In some people, for example the late actor Jack Warner, bee-sting therapy has worked dramatically; the poison seems to stimulate the innate antiinflammatory response just right, and the stiffened, aching joints are released and move freely. Nobody knows how exactly it works.

(Incidentally, it was hoped that a dermal plaster of paracetamol preparation would be just as effective an analgesic as an oral dose while avoiding the gastric irritant effects; sadly, longer trials have revealed that any but the briefest usage reduces the user's response to the drug to the point where pain relief is inoperative.)

Herbal remedies, of course, persist, many of them never having been updated since Hippocrates, either in their materials or in the theory behind them. A sentence such as "constipation is almost always a factor in rheumatic disease, causing toxic overload" and recommending purgatives and diaphoretics, would have commended itself to all those ancient practitioners who thought that disease was down to mysterious malignant entities who must be physically expelled - by any orifice available - before curing could take place. I am considerably pro herbalism, but only if it is conducted in a properly scientific manner, accompanied by at least some knowledge of anatomy, physiology and disease processes, not a regurgitation of a couple of millennia's worth of exploded theories born of nothing but ignorance.

The book I am quoting from - I won't be so cruel as to name it, because it's only typical - cheerfully conflates rheumatism, fibromyalgia, osteo-arthrosis and rheumatoid arthritis as if they were all one and the same, then states "in all forms of rheumatic disease there are two main causes: stress, tension, and personality problems....and a poor, inadequate diet." We-ell, up to a point, Lord Copper. Stress and tension and personality problems generally are certainly factors in autoimmune inflammatory conditions, in that they make them worse, but cause....? Diet, again, can exacerbate these conditions by inadvertently providing allergens or excluding needed nutrients, but cause....? Face it, nobody knows precisely what triggers off such conditions, least of all the authors of popular herbals.

Willow, of course, is recommended, so are nettles (taken internally, as tea); and soothing rubs of chamomile; so far, so traditional. Other remedies include cowslip, onion, lemons, celery (seed) and seaweeds; more exotic are Devil's Claw (Harpagophytum procumbens) from Africa, which has been clinically investigated, mainly in Germany, and Guiacum (Lignum vitae) from the West Indies. Devil's Claw needs to be treated with care; I don't know how effective it is in treating rheumatism or the arthritises, but it has a potent effect on insulin metabolism, so diabetics beware. Guiacum, curiously enough, has a long history as a specific for syphilis; there is a form of acute inflammatory arthritis which is secondary to untreated syphilis, so perhaps that is the connection: it doesn't cure that either.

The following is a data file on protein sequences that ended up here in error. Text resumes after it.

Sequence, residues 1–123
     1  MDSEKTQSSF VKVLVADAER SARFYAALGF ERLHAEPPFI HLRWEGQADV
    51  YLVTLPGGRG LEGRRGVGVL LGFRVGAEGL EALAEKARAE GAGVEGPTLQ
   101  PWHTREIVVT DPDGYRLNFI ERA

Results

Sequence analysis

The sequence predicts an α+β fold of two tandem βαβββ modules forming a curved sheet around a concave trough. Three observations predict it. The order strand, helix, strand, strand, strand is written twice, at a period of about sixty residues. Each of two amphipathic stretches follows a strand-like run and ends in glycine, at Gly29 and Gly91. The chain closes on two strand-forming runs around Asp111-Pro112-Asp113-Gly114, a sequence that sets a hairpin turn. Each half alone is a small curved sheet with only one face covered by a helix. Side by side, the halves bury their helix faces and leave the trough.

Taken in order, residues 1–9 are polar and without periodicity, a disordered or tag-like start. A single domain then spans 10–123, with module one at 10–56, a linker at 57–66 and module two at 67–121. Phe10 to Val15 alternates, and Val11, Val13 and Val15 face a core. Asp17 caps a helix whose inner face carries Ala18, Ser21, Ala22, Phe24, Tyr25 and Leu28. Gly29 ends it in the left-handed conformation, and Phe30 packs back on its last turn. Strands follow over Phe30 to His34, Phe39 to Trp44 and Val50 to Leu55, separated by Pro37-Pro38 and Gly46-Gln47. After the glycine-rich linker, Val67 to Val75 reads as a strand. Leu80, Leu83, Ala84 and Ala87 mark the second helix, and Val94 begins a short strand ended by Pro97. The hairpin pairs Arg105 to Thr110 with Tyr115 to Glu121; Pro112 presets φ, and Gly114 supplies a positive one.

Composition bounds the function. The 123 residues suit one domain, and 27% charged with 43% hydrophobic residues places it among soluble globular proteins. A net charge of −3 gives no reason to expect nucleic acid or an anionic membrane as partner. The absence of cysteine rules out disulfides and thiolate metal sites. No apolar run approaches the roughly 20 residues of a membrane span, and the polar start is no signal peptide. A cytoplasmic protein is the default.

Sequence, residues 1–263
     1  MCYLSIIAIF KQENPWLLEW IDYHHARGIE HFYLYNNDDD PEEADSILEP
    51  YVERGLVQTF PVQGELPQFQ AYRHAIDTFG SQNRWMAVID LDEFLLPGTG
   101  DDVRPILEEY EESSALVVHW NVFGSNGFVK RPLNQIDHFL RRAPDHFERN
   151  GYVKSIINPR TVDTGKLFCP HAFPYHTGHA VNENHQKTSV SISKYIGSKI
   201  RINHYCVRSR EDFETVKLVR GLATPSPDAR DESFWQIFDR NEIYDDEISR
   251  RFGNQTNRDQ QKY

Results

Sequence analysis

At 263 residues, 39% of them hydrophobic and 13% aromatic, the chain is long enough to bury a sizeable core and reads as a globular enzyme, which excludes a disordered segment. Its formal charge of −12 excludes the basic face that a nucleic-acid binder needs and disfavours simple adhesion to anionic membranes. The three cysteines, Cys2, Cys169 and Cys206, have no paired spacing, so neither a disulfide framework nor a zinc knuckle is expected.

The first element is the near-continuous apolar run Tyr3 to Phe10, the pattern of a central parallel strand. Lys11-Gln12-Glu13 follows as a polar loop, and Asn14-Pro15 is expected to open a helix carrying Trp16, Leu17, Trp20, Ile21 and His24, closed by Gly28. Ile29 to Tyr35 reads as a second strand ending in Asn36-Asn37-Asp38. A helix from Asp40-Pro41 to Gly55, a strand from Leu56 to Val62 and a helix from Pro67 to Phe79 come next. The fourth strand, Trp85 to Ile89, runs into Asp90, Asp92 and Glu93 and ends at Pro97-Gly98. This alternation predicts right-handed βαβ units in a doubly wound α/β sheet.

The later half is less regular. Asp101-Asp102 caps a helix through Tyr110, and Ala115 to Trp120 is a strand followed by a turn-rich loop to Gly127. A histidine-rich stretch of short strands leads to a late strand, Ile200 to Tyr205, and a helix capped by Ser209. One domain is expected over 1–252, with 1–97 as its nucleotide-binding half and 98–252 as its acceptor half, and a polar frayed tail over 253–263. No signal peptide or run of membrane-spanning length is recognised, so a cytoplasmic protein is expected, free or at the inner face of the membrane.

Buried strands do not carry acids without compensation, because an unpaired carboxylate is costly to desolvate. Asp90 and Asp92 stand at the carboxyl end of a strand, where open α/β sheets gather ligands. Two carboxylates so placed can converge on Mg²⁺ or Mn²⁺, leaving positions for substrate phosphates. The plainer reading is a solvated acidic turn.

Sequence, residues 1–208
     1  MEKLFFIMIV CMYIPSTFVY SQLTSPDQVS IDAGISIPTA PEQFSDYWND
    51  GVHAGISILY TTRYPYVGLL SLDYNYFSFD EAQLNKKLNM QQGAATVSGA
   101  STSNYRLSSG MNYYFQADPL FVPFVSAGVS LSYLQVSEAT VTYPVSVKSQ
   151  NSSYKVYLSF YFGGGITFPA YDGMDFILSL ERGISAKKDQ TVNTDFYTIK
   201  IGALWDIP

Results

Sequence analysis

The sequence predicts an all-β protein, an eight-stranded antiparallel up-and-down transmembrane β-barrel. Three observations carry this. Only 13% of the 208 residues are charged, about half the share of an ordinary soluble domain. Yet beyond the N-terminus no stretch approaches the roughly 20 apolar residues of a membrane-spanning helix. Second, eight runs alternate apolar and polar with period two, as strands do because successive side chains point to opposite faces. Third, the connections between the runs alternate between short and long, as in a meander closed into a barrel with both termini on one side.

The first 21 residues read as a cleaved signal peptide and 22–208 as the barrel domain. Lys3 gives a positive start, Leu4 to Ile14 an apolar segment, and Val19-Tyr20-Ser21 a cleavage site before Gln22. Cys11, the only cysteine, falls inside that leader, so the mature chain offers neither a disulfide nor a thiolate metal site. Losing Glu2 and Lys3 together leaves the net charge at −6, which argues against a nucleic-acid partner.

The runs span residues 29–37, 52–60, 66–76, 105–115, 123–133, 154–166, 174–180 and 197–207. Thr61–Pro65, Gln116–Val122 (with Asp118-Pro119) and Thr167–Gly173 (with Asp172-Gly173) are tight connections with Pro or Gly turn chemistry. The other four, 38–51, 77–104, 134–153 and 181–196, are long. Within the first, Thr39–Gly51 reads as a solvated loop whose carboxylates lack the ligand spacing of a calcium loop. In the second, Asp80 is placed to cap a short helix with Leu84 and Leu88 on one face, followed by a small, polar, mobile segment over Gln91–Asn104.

Wednesday, May 31, 2006

The Wilder Shores of Arthritis - Fit the Sixth And Last

Some hope appeared in the 1990s with the development of glucosamine and chondroitin as alternative drug therapies. Both have been investigated thoroughly, but not thoroughly enough for NICE; they're not in the British National Formulary nor freely available on the NHS. So information about them is somewhat limited. They are both substances that occur naturally in the body; glucosamine is an amino sugar and chondroitin a protein. Glucosamine is believed to be essential for cartilage formation and repair, while chondroitin gives cartilage elasticity. So far so good; it seems logical that supplements of these might help to repair, if not prevent, the tissue damage. The medicinal form of glucosamine you can buy over the counter is derived mostly from sea fish such as crabs, lobster and shrimps, and chondroitin from sharks (sharks, a very primitive life-form, do not have bones in their bodies, only cartilage).

Glucosamine has been extensively studied, and the general conclusion seems to be, that it gives results better than placebo in two respects: pain relief and slowing-down the degenerative process. For chondroitin the picture is considerably less clear. They both seem to be reasonably free of toxic side-effects at therapeutic doses, although studies of long-term usage have not yet been completed. They do not either prevent or reverse the damage, as far as is currently known. Wouldn't you know it, the commonest reported side-effects of glucosamine are gastro-intestinal; plus ça change.